Alpine.js beginner tutorial: create a todo app with minimal lines of code.

Ever dreamt of a minimalistic js framework, that’s not heavy, easy to set up, and could solve the majority of problems with minimal lines of coding. Introducing Alpine.js.

Alpine.js is a minimal framework that is reactive and declarative( i.e, you can manipulate dom objects directly without js ). The syntax is inspired by frameworks like Angular, Vue and no compilation required for deploying. You might not know Angular or Vue, but you can learn this framework within a day. That’s how easy and minimal it is.

Where can you use this framework?

Well, Alpine.js might not be useful for developing a full-fledged SPA like Angular or React, you can still use it for developing small and even some medium size projects. If you want to develop an MVP or Proof of concept just for showing a demo to clients, I highly recommend this to you.

Alpine vs Jquery ( Not a Jquery hater ):

If you have worked on jquery projects, you might have guessed that AlpineJS goes head to head with Jquery. AlpineJS has almost all the features that Jquery has but in a more efficient way ( which we will explore shortly ). Below are some feature comparisons.

  • AlpineJS is lightweight  ( 7.1kB gzipped  – 21.9kB minified ) compared to Jquery ( 32.5kB gzipped – 92.4kB minified ).
  • AlpineJS is reactive and declarative in nature, Jquery, on the other hand, everything ( accessing and manipulating DOM ) should be done through scripting.
  • Because you can manipulate DOM directly in AplineJS you can finish the project with minimal lines of code compared to Jquery.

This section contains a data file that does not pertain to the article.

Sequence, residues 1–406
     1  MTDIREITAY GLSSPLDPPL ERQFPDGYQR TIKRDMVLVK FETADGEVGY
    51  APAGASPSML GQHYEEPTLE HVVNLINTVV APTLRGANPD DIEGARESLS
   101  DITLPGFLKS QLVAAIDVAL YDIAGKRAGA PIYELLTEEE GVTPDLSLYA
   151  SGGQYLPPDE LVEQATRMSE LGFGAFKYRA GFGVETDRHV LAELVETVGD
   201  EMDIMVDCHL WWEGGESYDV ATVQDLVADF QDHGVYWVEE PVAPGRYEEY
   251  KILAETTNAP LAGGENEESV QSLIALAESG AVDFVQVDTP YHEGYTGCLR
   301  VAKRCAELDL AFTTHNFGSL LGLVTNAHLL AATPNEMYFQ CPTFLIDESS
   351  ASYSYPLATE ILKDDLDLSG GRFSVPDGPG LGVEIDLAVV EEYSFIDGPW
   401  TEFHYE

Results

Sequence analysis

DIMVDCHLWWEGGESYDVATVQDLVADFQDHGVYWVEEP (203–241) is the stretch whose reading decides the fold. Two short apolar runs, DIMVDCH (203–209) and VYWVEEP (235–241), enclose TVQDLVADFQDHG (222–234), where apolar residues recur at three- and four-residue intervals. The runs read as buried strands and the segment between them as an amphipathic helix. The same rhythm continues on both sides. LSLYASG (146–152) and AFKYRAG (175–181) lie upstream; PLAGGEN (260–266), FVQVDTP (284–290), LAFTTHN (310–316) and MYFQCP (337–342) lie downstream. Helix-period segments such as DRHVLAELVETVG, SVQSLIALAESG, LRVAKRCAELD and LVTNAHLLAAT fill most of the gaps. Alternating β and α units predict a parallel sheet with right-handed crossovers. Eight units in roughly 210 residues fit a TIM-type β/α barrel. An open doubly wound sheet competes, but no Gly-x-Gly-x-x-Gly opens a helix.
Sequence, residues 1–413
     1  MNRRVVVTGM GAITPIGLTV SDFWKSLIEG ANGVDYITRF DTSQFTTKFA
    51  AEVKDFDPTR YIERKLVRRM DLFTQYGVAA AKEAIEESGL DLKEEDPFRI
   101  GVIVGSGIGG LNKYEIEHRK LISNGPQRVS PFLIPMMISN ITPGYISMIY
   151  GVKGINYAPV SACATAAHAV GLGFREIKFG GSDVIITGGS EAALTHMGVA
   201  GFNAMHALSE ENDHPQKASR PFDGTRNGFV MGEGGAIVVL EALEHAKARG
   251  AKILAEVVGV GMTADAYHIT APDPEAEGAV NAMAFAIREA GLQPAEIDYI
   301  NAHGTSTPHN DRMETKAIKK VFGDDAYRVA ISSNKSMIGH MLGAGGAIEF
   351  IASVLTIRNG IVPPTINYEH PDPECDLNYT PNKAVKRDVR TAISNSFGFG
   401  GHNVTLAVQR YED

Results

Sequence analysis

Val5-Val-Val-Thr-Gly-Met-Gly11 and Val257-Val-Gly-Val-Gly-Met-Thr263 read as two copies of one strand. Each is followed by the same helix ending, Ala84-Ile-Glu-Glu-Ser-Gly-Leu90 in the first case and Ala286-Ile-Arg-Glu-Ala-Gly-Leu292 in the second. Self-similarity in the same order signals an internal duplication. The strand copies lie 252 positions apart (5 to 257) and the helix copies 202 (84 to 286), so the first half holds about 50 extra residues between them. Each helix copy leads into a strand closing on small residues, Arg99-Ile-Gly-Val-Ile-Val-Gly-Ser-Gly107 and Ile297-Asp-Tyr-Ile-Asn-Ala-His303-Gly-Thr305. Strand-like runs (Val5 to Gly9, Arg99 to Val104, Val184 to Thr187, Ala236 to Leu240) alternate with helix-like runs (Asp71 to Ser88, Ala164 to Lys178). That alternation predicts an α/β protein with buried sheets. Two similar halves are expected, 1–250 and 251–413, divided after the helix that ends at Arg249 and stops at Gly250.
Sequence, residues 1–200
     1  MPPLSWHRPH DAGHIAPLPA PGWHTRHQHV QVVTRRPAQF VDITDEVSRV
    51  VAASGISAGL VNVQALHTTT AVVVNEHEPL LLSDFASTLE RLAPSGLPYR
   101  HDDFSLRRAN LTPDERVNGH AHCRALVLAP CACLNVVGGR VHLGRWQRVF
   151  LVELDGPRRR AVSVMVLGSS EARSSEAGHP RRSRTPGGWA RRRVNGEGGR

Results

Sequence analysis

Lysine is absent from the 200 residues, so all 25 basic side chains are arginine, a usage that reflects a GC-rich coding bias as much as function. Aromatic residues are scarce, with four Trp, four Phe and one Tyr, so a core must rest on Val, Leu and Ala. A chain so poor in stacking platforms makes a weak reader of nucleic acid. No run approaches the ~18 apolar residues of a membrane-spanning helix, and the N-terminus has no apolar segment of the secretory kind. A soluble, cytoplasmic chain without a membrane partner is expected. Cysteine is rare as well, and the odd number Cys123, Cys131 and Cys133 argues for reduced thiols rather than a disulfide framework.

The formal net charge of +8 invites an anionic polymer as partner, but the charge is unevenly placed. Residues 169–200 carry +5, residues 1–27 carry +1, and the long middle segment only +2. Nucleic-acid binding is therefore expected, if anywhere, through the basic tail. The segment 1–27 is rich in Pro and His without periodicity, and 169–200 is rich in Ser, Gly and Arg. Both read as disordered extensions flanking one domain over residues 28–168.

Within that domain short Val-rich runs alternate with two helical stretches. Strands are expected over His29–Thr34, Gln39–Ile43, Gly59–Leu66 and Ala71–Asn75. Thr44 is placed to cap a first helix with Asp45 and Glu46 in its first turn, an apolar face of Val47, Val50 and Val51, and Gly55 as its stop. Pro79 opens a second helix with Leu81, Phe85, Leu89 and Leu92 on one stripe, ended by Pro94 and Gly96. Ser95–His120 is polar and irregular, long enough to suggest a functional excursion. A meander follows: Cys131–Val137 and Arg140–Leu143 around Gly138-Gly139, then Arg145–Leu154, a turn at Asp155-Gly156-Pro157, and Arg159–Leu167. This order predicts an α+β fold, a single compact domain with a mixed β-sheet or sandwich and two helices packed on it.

Enough of promoting AlpineJS ( which i am not doing ), We will jump to coding.

Todo App:

This todo app will include the following functionality

  • Add an item to the list.
  • Remove an item from the list.
  • Check a particular item.
  • View the checked items separately.

We will have only one html file in our project and we will go through each and every line.

Header section:

In the header section, we include the alpine’s CDN. There are other means of installing the framework using npm, but for the sake of this tutorial, we will include their CDN.

CDN link: ( for production you may want to use a specific version. refer to this link ).

Header section

We have a style with the class “strike” for representing an item that is checked.

Script section:

This section includes the whole js code for our todo list app.

Script section

  1. We have our dataObject which contains all the functions and properties of our app.
  2. newItemName property will contain the new name for the item to be added.
  3. Items is an array, which contains our to-do list.
  4. showChecked is a boolean property that shows/hides the checked list.
  5. addItem function as the name implies adds a new item to the list.